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This novel doesn't have a particularly complex plot structure. It is autobiographical in the sense that it is told in first person and follows Jane's life from her youth to her happy marriage and life with Mr. Rochester. The structure is simple--it follows the stages of Jane's life from age 10 to her contented adult life.
The story begins when Jane is young and orphaned and living with some distateful relatives; she spends little time there, then she is transferred to an orphanage. We see her early days there, then she leaves to make her own way as a governess. We see her as a governess for a short time (although a lot happens in that short time, including a dramatic scene at the altar), then she leaves to do something, somewhere. We see her as a lost soul taken in by apparent strangers (and nearly trapped in a loveless marriage of convenience), then she follows her instinct and heads toward Rochester. She discovers him (in a pitiful state, of course), and she commits herself to him for the rest of their lives.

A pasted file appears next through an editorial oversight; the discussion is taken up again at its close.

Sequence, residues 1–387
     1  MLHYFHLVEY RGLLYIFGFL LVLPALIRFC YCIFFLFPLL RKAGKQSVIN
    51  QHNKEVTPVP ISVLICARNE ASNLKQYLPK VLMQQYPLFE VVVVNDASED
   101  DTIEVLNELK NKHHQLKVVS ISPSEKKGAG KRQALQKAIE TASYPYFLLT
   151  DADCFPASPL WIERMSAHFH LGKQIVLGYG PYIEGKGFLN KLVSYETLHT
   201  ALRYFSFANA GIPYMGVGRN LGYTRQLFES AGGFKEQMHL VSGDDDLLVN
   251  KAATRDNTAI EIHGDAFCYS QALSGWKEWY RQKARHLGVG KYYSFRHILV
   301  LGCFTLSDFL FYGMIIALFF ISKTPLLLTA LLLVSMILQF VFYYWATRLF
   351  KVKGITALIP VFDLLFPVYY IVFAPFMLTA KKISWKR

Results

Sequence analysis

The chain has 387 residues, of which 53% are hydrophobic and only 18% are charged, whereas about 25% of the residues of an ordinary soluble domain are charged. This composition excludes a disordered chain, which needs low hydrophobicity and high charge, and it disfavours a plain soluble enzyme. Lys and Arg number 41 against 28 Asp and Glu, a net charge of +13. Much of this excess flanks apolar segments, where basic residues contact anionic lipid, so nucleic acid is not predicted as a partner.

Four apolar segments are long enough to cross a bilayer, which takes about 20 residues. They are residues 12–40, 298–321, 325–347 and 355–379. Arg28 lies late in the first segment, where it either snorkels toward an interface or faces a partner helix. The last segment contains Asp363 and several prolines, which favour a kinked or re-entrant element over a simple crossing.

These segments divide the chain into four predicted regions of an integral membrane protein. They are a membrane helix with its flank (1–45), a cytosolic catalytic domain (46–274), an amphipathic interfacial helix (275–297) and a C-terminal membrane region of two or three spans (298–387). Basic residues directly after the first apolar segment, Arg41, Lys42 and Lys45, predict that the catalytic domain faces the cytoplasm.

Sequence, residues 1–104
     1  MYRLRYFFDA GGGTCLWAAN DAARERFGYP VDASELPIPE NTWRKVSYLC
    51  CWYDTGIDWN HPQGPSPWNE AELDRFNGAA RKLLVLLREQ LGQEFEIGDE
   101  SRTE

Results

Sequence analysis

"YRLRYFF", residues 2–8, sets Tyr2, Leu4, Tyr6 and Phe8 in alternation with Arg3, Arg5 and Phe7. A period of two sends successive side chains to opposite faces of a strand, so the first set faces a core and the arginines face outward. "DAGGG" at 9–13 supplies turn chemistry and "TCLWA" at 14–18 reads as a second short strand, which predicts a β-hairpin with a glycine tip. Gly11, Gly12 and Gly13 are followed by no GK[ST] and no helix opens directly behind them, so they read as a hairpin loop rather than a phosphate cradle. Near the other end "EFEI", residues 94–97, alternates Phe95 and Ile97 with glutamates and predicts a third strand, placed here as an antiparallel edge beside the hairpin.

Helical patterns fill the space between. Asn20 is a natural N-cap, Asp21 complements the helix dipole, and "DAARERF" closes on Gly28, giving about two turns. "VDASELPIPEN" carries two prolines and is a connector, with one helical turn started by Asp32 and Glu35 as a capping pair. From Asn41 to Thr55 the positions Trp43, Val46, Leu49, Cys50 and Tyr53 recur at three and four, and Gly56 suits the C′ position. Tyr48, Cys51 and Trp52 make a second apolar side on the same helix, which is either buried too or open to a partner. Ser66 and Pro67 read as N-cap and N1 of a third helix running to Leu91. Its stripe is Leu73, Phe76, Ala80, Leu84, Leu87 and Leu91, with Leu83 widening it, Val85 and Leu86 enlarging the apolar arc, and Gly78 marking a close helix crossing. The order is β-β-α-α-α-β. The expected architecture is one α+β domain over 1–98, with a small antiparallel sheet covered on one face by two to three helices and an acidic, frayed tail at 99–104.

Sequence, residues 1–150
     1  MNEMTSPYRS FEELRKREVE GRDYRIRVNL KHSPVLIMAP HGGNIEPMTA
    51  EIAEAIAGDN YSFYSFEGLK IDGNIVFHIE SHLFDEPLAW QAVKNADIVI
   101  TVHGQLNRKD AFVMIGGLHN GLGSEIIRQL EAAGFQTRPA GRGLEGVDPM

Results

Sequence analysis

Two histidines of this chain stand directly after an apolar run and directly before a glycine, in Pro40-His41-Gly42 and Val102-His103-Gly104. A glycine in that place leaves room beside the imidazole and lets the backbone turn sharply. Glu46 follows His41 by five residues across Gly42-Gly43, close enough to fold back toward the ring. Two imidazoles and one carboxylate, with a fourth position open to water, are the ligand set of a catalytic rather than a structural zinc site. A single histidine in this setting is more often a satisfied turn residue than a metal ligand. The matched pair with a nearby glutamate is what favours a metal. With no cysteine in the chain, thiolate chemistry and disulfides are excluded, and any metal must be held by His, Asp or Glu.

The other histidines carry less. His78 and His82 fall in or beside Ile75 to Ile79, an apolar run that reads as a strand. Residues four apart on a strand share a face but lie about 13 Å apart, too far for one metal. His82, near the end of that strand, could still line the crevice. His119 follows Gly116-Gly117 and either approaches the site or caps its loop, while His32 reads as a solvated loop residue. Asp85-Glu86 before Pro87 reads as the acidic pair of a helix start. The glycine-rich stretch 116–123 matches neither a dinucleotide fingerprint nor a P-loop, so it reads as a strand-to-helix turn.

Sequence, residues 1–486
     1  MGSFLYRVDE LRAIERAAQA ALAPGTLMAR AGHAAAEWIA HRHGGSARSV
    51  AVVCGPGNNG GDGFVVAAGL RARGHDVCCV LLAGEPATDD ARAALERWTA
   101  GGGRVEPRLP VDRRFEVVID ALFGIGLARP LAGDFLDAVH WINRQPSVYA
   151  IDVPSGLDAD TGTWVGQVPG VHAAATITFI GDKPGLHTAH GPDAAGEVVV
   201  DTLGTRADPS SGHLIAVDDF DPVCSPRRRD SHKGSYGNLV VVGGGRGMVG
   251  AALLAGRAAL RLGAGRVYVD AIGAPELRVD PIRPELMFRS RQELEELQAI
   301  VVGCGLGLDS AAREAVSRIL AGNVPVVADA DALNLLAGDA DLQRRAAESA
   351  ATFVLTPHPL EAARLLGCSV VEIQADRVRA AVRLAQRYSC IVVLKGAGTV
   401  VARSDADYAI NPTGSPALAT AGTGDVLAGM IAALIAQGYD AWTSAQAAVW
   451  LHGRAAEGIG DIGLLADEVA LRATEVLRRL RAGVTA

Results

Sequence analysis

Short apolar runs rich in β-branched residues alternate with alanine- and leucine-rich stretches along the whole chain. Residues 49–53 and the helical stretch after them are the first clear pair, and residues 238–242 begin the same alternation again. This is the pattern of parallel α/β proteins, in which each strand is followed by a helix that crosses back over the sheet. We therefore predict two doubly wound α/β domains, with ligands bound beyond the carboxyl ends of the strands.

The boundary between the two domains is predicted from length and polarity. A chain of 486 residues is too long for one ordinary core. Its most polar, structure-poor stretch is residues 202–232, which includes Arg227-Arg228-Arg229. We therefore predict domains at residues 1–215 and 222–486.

There are no flashbacks, no changes in setting other than those few spots (not much, considering it's a long novel), and no dramatic plot twists other than one--the fact that Rochester is already maried to an obviously mentally impaired woman. That one twist, however, sets Jane's course for the rest of her life. It is the center of the only mysterious things in the novel (though many of the places are rather eerie and foreboding, since it's a gothic novel), and it is the crucible by which Jane's moral resolve is tested.
In short, it is a coming-of-age novel, told in first person, following the life of a poor, orphaned girl.
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